Story posted February 09, 2006
Thousands of college graduates travel across the globe every year to assist those they have never met as Peace Corps volunteers. Since the Corps inception in 1961, 226 Bowdoin College alumni have taken up the challenge and joined the ranks.
Bowdoin has recently entered the top-25 list of colleges and universities producing the most Peace Corps volunteers. For 2005, Bowdoin ranks at No. 20 for small schools (fewer than 5,000 undergraduates) with 17 alumni currently serving as volunteers. Per capita, Bowdoin ranks fifth for top-producing small schools, with one Peace Corps volunteer for every 98 students.
Bowdoin has always been a top producer of Peace Corps volunteers, according to Christopher Lins, the Peace Corps representative who visits campus five or six times a year to speak with students and present information sessions.
"Bowdoin students have a very good sense of themselves and know that they want to go on to make a positive contribution after college," says Lins.
Having studied abroad, where they've met Peace Corps volunteers and seen them in action, many Bowdoin students are also "proactive" about what they want to do and where they want to serve, says Lins.
Bowdoin alumni are currently serving in Bolivia, Guinea, Guyana, Kyrgys Republic, Mali, Mongolia, Nicaragua, Panama, Peru, Romania, Samoa, Thailand and Togo. Areas of service range from agricultural and environmental projects to urban and regional planning, and from education to health and community service projects.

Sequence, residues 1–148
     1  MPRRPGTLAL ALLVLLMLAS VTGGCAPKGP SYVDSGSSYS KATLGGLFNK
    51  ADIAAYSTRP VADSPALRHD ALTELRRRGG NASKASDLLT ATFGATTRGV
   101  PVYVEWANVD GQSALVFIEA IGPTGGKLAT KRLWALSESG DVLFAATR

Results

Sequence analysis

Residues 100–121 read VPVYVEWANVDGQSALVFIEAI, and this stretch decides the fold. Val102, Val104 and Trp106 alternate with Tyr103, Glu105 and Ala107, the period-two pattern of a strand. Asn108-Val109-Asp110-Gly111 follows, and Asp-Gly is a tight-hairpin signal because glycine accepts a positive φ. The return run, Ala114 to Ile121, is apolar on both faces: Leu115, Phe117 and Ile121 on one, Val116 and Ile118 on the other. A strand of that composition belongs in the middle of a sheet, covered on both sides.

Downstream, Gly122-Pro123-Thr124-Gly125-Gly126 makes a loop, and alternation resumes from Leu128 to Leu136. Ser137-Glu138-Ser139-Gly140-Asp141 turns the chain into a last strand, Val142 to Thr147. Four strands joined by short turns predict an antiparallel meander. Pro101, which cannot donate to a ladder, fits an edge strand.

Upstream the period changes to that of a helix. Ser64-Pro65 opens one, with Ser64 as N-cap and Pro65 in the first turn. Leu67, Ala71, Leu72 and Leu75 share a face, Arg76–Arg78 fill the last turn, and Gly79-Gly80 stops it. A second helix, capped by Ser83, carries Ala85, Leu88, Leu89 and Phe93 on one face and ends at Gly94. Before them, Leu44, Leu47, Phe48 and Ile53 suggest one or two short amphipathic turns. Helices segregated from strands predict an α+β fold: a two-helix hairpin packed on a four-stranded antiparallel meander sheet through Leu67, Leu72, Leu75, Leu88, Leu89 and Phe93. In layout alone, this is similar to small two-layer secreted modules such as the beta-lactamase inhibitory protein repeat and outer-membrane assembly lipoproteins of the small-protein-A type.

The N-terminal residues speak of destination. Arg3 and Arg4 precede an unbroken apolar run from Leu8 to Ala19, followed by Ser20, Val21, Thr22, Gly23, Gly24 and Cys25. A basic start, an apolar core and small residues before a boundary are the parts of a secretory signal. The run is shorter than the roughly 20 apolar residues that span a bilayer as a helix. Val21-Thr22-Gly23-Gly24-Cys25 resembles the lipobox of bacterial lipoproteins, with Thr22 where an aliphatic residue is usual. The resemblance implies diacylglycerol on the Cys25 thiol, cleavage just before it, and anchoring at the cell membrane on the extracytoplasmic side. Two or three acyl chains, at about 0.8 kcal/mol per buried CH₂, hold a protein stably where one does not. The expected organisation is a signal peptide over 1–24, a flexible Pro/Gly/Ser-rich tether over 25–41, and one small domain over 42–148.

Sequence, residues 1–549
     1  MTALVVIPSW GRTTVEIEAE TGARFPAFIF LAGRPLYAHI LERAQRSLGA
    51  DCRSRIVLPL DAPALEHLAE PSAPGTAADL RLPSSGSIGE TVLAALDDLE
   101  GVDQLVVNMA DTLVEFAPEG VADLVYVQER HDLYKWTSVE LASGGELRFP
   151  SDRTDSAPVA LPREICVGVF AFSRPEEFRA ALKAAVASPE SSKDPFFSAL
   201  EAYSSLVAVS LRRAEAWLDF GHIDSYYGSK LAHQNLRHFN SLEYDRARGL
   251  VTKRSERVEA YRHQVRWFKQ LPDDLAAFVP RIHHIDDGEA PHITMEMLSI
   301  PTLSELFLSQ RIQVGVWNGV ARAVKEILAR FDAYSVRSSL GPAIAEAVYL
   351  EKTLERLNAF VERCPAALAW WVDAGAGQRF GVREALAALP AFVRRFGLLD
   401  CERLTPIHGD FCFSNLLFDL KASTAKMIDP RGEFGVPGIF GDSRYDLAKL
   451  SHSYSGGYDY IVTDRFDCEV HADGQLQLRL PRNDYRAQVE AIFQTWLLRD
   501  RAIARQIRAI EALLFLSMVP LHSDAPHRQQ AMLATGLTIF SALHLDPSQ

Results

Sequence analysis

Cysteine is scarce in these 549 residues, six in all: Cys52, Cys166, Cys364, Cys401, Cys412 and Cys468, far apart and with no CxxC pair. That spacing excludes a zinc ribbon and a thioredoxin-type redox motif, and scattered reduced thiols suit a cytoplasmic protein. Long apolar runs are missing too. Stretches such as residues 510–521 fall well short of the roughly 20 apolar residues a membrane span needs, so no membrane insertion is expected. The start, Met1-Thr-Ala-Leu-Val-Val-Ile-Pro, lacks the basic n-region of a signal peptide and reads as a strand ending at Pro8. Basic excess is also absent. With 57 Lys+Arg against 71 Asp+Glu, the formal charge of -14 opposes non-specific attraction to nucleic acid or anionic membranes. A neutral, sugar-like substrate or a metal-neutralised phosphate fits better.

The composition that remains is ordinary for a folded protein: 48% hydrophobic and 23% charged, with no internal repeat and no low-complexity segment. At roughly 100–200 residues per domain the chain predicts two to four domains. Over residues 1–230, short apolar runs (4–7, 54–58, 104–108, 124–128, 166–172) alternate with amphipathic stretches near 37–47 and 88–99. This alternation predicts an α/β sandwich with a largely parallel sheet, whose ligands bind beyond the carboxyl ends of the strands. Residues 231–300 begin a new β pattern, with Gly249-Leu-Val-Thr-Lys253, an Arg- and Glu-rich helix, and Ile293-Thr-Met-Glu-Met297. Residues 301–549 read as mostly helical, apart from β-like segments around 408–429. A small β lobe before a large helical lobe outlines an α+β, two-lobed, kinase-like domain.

"The willingness of so many people to use their degrees and life experiences to share with other cultures is a commitment no one should overlook," said Peace Corps Director Gaddi H. Vasquez. "There is no single path to success. But those who leave a legacy in a rural village in Madagascar or a city in Ukraine know the impact that Peace Corps can have not only in that community but also on the remainder of their own careers."
To view the entire 2006 "Top Producing Colleges and Universities" list, visit the Peace Corps Web site.
Since its inception, more than 182,000 volunteers have served in the Peace Corps, working in such diverse fields as education, health, HIV/AIDS education and prevention, information technology, business development, the environment, and agriculture. Peace Corps volunteers must be U.S. citizens and at least 18 years of age. Peace Corps service is a 27-month commitment.